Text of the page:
In a blow to proprietary rich Internet plug-ins, YouTube, which had been a stalwart supporter of Adobe’s Flash plug-in technology, revealed this week that it now defaults to the HTML5 <video> tag. The move shows HTML5's continued march toward Web dominance.
“Four years ago, we wrote about YouTube’s early support for the HTML5 <video> tag and how it performed compared to Flash. At the time, there were limitations that held it back from becoming our preferred platform for video delivery. Most critically, HTML5 lacked support for Adaptive Bitrate (ABR) that lets us show you more videos with less buffering,” said Richard Leider, YouTube engineering manager. “Over the last four years, we’ve worked with browser vendors and the broader community to close those gaps, and now, YouTube uses HTML5 <video> by default in Chrome, IE 11, Safari 8, and in beta versions of Firefox.”
Leider notes other content providers, including Netflix and Vimeo, as well as computer technology vendors such as Apple and Microsoft, have embraced HTML5. “By providing an open standard platform, HTML5 has also enabled new classes of devices like Chromebooks and Chromecast. You can support HTML5 by using the <iframe> API everywhere you embed YouTube videos on the Web.” Additionally YouTube is deprecating the “old style” of Flash <object> Embeds and its Flash API.
YouTube’s move serves as “an important milestone for HTML5 and attests to how far the technology has come in the last few months,” analyst Al Hilwa of IDC says in an email. “The HTML5 video codec issue has been one of the more intractable areas until recently, but the tides have shifted especially as browser competition has heated up. I think this is good news for the industry overall in the long run. With YouTube being the big gorilla in Web video, I expect other sites will in time follow their lead.”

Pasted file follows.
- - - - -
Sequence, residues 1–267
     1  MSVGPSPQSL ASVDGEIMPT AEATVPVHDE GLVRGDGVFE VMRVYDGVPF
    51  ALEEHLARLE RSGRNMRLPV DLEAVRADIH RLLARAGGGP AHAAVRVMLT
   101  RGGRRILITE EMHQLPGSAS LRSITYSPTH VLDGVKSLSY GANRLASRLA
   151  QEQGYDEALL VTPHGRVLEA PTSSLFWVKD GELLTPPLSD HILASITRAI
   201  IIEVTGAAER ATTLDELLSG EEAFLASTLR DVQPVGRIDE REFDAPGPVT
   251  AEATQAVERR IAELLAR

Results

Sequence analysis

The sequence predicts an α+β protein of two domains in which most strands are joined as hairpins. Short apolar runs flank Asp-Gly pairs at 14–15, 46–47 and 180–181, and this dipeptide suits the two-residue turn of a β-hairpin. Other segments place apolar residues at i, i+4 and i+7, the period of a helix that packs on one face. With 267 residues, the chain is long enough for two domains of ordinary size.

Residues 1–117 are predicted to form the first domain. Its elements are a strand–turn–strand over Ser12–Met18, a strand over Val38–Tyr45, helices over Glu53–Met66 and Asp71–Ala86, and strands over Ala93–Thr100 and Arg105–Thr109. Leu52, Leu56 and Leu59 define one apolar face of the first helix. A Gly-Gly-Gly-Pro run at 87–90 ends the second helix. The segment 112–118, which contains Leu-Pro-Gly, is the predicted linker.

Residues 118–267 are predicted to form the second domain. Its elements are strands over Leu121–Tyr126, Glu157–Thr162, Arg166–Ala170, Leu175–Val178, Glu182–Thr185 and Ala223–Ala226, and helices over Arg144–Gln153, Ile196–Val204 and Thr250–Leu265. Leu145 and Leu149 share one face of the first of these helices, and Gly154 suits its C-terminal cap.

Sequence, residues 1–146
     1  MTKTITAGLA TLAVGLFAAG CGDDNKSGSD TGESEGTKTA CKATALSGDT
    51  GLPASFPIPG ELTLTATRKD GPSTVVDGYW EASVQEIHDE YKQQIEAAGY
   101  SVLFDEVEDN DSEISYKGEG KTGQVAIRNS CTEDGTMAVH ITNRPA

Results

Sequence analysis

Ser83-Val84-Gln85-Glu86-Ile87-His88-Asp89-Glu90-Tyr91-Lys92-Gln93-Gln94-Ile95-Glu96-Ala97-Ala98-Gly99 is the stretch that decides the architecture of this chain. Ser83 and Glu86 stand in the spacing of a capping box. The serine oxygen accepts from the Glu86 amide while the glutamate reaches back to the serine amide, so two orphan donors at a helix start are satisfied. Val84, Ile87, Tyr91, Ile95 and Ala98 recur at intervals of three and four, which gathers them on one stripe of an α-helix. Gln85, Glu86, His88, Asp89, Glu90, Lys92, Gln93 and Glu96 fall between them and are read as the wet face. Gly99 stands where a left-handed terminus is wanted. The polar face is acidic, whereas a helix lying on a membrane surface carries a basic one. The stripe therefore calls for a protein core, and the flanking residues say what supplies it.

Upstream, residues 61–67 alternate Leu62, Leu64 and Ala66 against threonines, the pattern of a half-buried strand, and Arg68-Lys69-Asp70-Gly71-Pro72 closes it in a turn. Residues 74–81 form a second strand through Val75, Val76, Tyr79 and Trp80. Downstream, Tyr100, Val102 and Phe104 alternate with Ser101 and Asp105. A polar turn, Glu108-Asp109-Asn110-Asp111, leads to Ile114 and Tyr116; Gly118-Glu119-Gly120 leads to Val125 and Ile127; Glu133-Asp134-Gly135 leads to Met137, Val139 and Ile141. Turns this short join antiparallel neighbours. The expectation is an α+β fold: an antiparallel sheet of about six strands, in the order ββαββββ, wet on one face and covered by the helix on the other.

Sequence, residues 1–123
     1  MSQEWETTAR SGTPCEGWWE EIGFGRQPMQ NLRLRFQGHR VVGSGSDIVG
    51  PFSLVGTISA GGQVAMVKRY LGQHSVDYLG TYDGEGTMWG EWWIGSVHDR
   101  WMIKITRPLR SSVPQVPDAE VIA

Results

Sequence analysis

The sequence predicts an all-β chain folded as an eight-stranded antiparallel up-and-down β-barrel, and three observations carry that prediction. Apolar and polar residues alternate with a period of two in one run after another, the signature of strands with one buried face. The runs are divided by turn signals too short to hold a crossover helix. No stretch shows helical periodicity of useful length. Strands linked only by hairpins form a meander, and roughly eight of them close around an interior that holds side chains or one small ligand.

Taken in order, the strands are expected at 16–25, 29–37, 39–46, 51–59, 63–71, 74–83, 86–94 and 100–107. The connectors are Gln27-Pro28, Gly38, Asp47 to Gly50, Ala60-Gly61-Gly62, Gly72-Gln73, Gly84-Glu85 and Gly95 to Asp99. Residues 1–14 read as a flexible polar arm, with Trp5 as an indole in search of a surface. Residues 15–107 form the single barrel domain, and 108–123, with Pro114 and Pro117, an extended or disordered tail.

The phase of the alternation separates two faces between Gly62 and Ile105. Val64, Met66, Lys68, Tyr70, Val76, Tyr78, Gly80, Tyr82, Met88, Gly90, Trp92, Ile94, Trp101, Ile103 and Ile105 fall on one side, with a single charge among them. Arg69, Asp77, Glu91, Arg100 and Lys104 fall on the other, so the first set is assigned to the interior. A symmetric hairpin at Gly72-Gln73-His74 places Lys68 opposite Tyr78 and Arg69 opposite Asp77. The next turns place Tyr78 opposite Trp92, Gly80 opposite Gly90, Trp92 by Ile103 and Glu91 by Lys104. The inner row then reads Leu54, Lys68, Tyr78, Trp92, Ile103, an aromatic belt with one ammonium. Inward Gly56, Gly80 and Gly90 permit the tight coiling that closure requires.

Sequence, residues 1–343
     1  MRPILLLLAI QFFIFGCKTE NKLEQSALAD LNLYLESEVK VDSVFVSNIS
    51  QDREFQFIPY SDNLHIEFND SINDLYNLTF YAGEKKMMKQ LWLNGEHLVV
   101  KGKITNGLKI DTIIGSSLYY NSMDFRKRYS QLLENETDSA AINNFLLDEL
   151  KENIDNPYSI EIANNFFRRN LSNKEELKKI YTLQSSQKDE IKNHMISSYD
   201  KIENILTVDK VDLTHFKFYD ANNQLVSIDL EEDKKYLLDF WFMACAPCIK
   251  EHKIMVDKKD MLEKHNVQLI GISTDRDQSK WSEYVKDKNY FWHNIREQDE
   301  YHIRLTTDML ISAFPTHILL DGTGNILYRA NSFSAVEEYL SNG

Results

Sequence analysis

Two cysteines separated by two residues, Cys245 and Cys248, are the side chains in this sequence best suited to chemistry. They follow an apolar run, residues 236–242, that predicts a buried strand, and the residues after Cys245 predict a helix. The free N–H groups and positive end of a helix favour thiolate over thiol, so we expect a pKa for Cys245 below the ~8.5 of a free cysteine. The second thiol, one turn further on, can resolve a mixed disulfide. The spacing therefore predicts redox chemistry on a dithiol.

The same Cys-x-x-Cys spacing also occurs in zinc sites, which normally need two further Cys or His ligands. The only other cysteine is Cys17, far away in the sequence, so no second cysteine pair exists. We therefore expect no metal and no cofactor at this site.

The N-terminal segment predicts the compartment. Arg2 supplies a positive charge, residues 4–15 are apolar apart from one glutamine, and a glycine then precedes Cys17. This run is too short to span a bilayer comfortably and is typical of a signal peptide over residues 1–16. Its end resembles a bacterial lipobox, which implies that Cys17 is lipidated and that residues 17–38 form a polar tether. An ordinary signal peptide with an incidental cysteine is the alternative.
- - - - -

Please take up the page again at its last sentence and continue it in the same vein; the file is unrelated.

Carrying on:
Despite continued gripes that HTML5 has not quite been up to snuff at times and a famous snub from Facebook, the standard for rich Web development certainly has gained an important convert in YouTube, while the days seem numbered for Flash and Microsoft’s Silverlight plug-in. Late Apple founder Steve Jobs probably did the most to the further the decline by refusing to support Flash on the company’s wildly popular iOS handheld devices. In fact, Flash shows a downward trajectory on W3Techs' report on the number of websites using Adobe’s multimedia platform. It has dropped to 11.9 percent this month versus more than 15 percent a year ago. The numbers are far worse for Microsoft’s late-arriving Flash rival, Silverlight. W3Techs notes it's used on fewer than 0.1 percent of websites.
Regardless of the HTML5 stampede, there's a place for Flash and Silverlight, analyst Jeffrey Hammond of Forrester Research says: “We still see them pop up as part of a legacy browser support strategy and on devices like smart TVs, or where producers want to protect content with DRM. But the places where both are used have certainly grown more niche over time.”